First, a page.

Rick GriffinRick Griffin (nome completo Richard Alden Griffin; 18 giugno 1944 – 18 agosto 1991) è stato un grafico nel campo della progettazione e della realizzazione di poster psichedelici negli anni sessanta.
Dopo aver frequentato la High School, lavorò nello staff del Surfer Magazine, dove creò la propria striscia di fumetti sul surf. Dopo aver visto i poster del rock psichedelico prodotti da Stanley Mouse e da Alton Kelly, Griffin nell'autunno del 1966 decise di trasferirsi a San Francisco, dove disegnava poster nel salotto della propria casa.
La sua prima esposizione d'arte venne vista e apprezzata dagli organizzatori dello Human Be-In, che gli chiesero di realizzare un poster per il loro evento del gennaio 1967. Anche Chet Helms venne colpito molto favorevolmente dall'opera di Griffin e gli chiese di creare dei poster per le feste all'Avalon Ballroom: questo evento portò Griffin a creare il poster per un concerto dei The Charlatans. Alla fine di queste fortunate vicende, Griffin venne contattato e assunto dalla Berkeley Bonapart, una delle più famose agenzie di creazione e distribuzione di poster del tempo, dove poté incontrare e confrontarsi con i più grandi artisti del poster psichedelico degli anni sessanta, diventando parte integrante della squadra.
Il 18 agosto 1991 Griffin rimase ucciso in un incidente motociclistico in Petaluma, California. Viene ricordato per le copertine di album delle band più famose dell'acid rock, come i Quicksilver Messenger Service e i Grateful Dead.
Richard Alden "Rick" Griffin (June 18, 1944 – August 18, 1991) was an American artist and one of the leading designers of psychedelic posters in the 1960s. As a contributor to the underground comix movement, his work appeared regularly in Zap Comix. Griffin was closely identified with the Grateful Dead, designing some of their best-known posters and album covers such as Aoxomoxoa. His work within the surfing subculture included both film posters and his comic strip, Murphy.
Early lifeGriffin was born near Palos Verdes amidst the surfing culture of southern California. Griffin biographer Tim Stephenson notes:
- His father was an engineer and amateur archaeologist and as a boy Rick accompanied him on digs in the Southwest. It was during this time that Rick was exposed to the Native American and ghost town artifacts that were to influence his later work. Rick was taught to surf by Randy Nauert at the age of 14 at Torrance Beach. The pair had met at Alexander Flemming Jr. High, and were to become lifelong friends, Rick producing much of the artwork for Randy's future band, the Challengers.
PostersHe traveled with Ida on a Mexican surfing trip and later planned a move to San Francisco after seeing the psychedelic rock posters designed by Stanley Mouse and Alton Kelley. In late 1966, the couple arrived in San Francisco, where they first lived in their van before moving to Elsie Street in the Bernal Heights district. In the mid-1960s, he participated in Ken Kesey's Acid Tests. His first art exhibition was for the Jook Savages, celebrating the one-year anniversary of the Psychedelic Shop on Haight Street. Organizers for the Human Be-In saw his work and asked him to design a poster for their January 1967 event. Chet Helms was also impressed by Griffin's work and asked him to design posters for the Family Dog dance concerts at the Avalon Ballroom, which led Griffin to create concert posters for the Charlatans. In 1967, Griffin, Kelley, Mouse, Victor Moscoso and Wes Wilson teamed as the founders of Berkeley Bonaparte, a company that created and marketed psychedelic posters. Griffin returned to Southern California in 1969, eventually settling in San Clemente.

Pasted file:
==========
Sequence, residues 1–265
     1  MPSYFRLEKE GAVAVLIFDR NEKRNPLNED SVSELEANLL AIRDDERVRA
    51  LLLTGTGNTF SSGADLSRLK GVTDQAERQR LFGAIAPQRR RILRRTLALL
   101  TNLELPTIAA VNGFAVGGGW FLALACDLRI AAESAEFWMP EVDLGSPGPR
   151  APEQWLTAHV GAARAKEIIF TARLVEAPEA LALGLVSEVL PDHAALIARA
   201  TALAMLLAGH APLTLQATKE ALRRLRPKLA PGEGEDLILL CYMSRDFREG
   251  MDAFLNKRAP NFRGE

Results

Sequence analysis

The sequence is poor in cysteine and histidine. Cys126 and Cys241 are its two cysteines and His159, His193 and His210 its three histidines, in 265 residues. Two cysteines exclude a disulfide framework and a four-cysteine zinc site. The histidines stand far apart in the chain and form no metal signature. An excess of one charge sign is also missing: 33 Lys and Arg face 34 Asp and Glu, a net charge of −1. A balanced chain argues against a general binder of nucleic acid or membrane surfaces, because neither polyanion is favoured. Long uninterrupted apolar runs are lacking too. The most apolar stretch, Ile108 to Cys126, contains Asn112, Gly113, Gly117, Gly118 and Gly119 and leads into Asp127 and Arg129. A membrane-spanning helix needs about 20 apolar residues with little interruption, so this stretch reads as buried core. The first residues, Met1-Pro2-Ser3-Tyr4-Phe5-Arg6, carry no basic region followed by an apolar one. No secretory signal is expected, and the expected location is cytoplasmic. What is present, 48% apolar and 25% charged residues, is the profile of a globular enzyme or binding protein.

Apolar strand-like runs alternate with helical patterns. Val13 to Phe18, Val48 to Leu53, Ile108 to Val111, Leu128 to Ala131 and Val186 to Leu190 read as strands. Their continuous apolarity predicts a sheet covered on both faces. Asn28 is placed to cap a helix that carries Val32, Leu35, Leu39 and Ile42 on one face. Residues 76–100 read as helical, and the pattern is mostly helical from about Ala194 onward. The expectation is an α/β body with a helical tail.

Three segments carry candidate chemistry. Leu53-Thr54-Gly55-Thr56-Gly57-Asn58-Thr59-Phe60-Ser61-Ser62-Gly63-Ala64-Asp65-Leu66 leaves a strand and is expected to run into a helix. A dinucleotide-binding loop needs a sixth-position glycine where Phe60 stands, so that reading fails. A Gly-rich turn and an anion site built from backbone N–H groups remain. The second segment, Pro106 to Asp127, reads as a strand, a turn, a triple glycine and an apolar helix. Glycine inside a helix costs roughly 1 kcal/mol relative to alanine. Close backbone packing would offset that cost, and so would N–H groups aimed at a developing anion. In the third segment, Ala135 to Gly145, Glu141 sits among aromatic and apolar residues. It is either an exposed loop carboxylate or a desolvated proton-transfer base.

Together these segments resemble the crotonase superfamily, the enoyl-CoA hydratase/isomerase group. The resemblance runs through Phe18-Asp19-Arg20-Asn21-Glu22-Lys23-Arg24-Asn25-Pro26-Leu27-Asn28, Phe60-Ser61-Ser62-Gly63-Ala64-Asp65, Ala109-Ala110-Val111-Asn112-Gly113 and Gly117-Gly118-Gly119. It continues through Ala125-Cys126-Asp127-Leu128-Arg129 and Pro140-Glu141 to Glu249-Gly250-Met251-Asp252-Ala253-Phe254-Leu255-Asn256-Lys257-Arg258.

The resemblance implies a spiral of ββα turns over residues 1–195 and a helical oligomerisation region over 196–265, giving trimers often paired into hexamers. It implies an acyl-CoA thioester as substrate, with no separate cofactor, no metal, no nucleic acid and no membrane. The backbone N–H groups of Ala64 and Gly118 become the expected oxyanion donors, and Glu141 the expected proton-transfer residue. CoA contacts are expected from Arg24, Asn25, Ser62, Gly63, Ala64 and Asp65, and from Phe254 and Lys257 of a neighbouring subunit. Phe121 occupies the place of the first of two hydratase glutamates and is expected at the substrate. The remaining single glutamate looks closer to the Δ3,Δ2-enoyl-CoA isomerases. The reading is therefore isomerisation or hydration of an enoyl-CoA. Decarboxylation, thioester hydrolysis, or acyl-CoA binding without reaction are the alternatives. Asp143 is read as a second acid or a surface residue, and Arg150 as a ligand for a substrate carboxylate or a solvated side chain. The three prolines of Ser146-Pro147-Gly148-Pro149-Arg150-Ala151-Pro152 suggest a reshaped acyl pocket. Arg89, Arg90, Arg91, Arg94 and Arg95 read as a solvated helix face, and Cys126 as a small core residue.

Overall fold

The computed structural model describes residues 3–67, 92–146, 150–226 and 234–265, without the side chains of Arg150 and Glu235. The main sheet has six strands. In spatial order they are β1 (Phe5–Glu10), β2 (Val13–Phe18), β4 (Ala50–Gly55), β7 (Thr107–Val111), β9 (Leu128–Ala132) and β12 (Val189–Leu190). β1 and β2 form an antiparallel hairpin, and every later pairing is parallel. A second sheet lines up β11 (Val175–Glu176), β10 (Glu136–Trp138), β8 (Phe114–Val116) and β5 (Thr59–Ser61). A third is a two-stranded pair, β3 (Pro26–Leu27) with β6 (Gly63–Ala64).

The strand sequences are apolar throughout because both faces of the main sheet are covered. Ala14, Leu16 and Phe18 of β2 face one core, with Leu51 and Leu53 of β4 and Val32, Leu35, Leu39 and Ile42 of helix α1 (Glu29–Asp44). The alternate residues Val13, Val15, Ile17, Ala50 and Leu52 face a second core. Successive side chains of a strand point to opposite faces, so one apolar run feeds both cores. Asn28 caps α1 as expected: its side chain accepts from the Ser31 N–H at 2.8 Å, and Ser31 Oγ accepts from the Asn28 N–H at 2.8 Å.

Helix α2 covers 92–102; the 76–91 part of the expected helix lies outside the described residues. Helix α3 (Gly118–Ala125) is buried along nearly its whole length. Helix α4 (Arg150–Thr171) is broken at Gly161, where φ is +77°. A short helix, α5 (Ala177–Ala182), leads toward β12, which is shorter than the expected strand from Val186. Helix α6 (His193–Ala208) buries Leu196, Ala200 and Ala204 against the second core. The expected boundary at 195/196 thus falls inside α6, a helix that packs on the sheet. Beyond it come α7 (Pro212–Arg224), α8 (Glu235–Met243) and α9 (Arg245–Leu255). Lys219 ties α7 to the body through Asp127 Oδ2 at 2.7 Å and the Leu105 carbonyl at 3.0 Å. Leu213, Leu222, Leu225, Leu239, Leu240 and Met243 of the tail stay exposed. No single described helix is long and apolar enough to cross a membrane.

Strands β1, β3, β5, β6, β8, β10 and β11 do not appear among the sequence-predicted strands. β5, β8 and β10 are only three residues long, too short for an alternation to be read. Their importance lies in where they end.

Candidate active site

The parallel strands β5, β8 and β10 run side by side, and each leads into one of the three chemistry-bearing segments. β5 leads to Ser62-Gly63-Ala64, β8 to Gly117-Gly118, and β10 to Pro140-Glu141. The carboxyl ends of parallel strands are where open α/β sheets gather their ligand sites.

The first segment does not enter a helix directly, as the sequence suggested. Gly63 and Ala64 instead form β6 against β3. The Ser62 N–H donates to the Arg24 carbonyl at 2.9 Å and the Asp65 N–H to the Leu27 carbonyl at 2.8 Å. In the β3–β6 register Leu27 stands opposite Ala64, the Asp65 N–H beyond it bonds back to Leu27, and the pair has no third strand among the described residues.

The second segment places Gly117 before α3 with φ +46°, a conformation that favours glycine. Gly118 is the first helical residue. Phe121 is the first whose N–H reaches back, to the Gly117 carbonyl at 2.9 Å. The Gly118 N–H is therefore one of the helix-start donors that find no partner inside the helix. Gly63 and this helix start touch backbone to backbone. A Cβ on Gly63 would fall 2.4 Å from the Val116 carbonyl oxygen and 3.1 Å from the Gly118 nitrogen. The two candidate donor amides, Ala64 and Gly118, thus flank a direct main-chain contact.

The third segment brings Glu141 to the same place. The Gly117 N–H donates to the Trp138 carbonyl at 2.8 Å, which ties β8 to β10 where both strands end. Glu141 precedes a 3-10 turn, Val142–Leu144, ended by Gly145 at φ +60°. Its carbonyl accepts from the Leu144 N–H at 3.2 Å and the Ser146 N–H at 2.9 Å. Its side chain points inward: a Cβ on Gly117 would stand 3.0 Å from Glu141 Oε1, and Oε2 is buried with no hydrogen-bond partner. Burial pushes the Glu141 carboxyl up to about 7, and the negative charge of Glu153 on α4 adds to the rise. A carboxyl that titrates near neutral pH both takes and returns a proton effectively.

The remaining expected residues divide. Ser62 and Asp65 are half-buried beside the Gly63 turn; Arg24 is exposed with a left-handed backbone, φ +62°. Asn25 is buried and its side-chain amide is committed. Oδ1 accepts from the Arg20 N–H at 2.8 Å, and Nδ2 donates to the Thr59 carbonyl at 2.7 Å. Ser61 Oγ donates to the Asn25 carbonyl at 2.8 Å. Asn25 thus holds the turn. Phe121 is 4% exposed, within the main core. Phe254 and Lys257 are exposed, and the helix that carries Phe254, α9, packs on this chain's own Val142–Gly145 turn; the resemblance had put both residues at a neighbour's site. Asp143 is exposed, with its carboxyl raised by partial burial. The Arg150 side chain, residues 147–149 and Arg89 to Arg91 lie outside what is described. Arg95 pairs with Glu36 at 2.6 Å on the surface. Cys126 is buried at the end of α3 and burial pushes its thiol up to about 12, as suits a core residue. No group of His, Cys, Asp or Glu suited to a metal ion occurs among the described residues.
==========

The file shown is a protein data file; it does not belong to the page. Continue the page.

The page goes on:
ComixGriffin was a regular contributor to Zap Comix, with his work appearing in issues #2, 3, 5–7, and 11–12. He contributed to all five issues of the comics zine Promethean Enterprises (1969–1974) and created Man from Utopia, a hybrid of illustration and comix printed by the San Francisco Comic Book Company in 1972.
Griffin also had comix work in Yellow Dog (1969–1969), Snatch Comics (1968), Bogeyman Comics (1969–1970), Jiz Comics (1969), San Francisco Comic Book (1970), Tales from the Tube (1972), and Zam (Zap Jam) (1974). His work appeared in the 1980s in Gates of Eden (1982) and Blab! (1986).
The Gospel of JohnGriffin became a born again Christian in November 1970, which led to fundamental changes in his lifestyle and in the style and content of his art. His 1973 painting Sail on Sailor for the band Mustard Seed Faith is an example of his fine art painting from this period. His most significant 1970s project was the creation of hundreds of paintings and drawings for The Gospel of John, published by the Christian record label Maranatha! Music. He also produced much album art for Maranatha! during the 1970s and 1980s.
Death and legacyRick Griffin died shortly after a motorcycle accident on August 15, 1991, in Petaluma, California. He was thrown from his Harley-Davidson motorcycle when he collided with a van that suddenly turned left as he attempted to pass it. He was not wearing a helmet and sustained major head injuries. He died three days later, on August 18, in nearby Santa Rosa Memorial Hospital, at the age of 47.
His work has been cited as an inspiration by surrealistic artist Mark Wilkinson, known for his designs for bands such as Marillion, Judas Priest and Iron Maiden.
- McClelland, Gordon. The Art of Rick Griffin. Perigee Paper Tiger, 1980. Reprinted by Last Gasp, 2001.
- Harvey, Doug, edited by Susan Anderson. Heart and Torch: Rick Griffin's Transcendence. Laguna Art Museum, Gingko Press, 2007.
Murphy - Surfer Magazine 1962
Lady Luck - Zap 1963
Quicksilver - 1967
Independance - 1967
Magic Show - 1967
Pow-wow - 1967
Joint Show - 1967
Can-A-Blis - 1967
Huichol Indian - 1967
Hendrix - 1968 (with Moscoso)